Unfortunately, businesses don't always earn a profit. A fact that is especially true as you're just starting your business or if economic conditions are poor. Let's walk through what to do if your business loses money. We'll also talk about how small business losses may be tax deductible.
Yes, you may deduct any loss your business incurs from your other income for the year if you're a sole proprietor. This income could be from a job, investment income or from a spouse's income.
A limited liability company (LLC), S corporation, or partnership may also deduct a business loss. Yet, if you operate your business through a C corporation, you can't deduct a business loss on your personal return. Those losses belong to your corporation.
If your losses exceed your income from all sources for the year, you have a "net operating loss." While it's not pleasant to lose money, a net operating loss can provide crucial tax benefits. It may be used to reduce your tax liability.
Figuring the amount of a net operating loss is not as simple as deducting your losses from your annual income. First, you must determine your annual losses from your business (or businesses). Find this by tallying your business expenses and comparing it to your reported business income.
Add your business loss to all your other deductions and then subtracted from all your income for the year. The result is your adjusted gross income (AGI).
To determine if you have a net operating loss, you start with your AGI on your tax return for the year reduced by your itemized deductions or standard deduction (but not your personal exemption). The amount must be a negative number, or you won't have a net operating loss for the year. Your adjusted gross income already includes all the deductions you have for your losses.
You then add back to this amount any nonbusiness deductions you have that exceed your nonbusiness income. These include the standard deduction or itemized deductions, deduction for the personal exemption, nonbusiness capital losses, IRA contributions, and charitable contributions. If the result is still a negative number, you have a net operating loss for the year.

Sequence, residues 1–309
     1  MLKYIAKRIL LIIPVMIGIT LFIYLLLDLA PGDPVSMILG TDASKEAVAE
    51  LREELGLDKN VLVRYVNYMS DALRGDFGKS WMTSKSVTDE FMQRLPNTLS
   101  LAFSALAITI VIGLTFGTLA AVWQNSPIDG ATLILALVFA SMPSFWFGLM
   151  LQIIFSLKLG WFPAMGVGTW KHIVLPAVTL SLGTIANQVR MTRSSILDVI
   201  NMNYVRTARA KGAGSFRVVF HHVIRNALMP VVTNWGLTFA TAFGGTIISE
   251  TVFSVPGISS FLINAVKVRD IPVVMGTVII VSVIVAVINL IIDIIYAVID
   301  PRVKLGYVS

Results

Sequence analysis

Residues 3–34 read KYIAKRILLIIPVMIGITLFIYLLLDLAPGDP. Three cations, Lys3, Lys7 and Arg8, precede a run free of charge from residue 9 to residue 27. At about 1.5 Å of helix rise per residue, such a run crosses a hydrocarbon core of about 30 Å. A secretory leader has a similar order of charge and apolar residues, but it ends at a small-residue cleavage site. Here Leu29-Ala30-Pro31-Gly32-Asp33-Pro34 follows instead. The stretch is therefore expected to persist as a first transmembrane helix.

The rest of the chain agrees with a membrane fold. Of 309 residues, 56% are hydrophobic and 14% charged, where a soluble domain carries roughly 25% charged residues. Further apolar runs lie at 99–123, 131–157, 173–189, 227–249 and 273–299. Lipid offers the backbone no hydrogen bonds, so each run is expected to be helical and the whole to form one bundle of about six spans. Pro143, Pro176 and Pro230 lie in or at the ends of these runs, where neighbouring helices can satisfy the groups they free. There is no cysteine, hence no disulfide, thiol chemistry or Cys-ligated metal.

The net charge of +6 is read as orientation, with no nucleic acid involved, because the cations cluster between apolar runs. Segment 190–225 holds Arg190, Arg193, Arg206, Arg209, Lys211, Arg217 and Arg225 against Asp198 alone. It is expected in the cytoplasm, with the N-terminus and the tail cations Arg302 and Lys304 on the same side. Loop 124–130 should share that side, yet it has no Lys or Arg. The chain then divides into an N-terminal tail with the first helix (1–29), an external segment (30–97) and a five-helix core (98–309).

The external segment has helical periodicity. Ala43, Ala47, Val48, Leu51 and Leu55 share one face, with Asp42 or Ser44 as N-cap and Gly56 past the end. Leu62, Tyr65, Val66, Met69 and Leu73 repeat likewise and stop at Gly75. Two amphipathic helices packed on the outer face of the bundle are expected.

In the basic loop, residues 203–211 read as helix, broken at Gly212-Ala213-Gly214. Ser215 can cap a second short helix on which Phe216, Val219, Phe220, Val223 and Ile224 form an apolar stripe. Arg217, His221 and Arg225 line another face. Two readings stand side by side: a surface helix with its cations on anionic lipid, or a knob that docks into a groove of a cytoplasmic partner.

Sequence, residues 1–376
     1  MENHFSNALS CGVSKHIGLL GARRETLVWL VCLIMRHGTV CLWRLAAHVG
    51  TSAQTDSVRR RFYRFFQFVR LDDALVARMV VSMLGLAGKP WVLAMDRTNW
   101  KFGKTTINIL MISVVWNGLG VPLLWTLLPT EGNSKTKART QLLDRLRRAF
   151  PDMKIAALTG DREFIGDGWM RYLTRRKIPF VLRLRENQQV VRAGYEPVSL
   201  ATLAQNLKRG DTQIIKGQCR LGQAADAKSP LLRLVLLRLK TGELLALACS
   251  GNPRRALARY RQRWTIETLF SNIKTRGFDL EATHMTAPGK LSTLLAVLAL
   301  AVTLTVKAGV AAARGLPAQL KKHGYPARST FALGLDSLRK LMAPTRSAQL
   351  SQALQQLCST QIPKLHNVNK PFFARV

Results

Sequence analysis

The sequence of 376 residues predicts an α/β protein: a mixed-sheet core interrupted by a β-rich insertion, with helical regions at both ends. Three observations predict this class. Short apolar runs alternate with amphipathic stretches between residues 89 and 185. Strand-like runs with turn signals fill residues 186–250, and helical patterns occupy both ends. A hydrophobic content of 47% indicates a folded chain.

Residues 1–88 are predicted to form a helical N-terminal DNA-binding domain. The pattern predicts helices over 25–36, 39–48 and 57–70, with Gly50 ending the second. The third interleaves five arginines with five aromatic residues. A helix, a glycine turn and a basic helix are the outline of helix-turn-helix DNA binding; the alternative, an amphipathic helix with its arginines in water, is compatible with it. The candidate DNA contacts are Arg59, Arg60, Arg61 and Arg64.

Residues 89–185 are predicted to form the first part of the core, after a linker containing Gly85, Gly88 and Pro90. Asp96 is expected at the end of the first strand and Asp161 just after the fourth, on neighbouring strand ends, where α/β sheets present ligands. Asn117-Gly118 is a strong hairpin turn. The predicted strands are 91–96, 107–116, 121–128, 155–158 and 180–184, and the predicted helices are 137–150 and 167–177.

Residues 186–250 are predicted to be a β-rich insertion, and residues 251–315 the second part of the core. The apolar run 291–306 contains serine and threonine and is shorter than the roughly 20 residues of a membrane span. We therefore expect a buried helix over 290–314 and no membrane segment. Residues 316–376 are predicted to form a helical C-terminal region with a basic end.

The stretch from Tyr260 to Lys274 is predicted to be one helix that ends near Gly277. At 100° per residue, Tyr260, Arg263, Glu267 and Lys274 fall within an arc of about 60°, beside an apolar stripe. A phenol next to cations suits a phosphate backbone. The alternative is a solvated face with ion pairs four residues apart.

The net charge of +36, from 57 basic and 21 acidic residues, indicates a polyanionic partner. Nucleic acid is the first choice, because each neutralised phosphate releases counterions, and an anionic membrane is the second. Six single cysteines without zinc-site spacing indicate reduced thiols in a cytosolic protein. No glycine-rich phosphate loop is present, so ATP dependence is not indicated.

You can use Schedule A of IRS Form 1045, Application for Tentative Refund, to calculate a net operating loss.
There's no limit to how many years your operation can take a loss. Most businesses can't assume a loss for multiple consecutive years because their money tends to run out. However, if you can comfortably cover your costs and sustain your lifestyle, there's nothing wrong with maintaining a loss on your business year-over-year. In fact, we'll talk about some of the advantages of this below.
While, a continual loss for many, many years may cause some harder looks from the IRS. Actually, it may classify your business as a hobby if there's no material advancement toward a profit motive.
You can no longer carry an NOL back for two years thanks to tax reform. Although, you can still carry a net operating loss forward.
You have the option of applying your net operating loss only to future tax years. This is called carrying a loss forward. You can carry the NOL forward for up to 20 years and use it to reduce your taxable income in the future. You elect to carry a loss forward by attaching a written statement to your tax return for the year you incur the NOL.
To find out more about net operating loss refer to IRS Publication 536, Net Operating Losses (NOLs) for Individuals, Estates, and Trusts.
You need to make sure your activity is an actual business. That is, it's something you regularly and continuously engage in primarily to earn a profit.
The IRS expects your business to make a profit eventually. It understands that there are ups and downs, though. If your company hasn't turned a profit in at least three of the previous five years, it may face being considered a hobby. Under those circumstances, hobby expenses and losses have limited tax advantages.